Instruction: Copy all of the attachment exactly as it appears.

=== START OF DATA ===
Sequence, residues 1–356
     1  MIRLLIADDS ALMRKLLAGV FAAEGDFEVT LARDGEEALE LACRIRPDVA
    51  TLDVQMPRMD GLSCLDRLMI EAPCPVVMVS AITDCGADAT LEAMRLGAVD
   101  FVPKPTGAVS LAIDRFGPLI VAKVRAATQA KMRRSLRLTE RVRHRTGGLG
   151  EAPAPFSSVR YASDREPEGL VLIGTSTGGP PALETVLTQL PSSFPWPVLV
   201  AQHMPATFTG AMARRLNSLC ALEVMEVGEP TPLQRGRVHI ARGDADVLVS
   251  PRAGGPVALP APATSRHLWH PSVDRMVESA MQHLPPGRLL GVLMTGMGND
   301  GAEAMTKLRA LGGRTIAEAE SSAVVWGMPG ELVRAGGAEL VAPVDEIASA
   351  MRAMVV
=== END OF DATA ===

Sequence, residues 1–356
     1  MIRLLIADDS ALMRKLLAGV FAAEGDFEVT LARDGEEALE LACRIRPDVA
    51  TLDVQMPRMD GLSCLDRLMI EAPCPVVMVS AITDCGADAT LEAMRLGAVD
   101  FVPKPTGAVS LAIDRFGPLI VAKVRAATQA KMRRSLRLTE RVRHRTGGLG
   151  EAPAPFSSVR YASDREPEGL VLIGTSTGGP PALETVLTQL PSSFPWPVLV
   201  AQHMPATFTG AMARRLNSLC ALEVMEVGEP TPLQRGRVHI ARGDADVLVS
   251  PRAGGPVALP APATSRHLWH PSVDRMVESA MQHLPPGRLL GVLMTGMGND
   301  GAEAMTKLRA LGGRTIAEAE SSAVVWGMPG ELVRAGGAEL VAPVDEIASA
   351  MRAMVV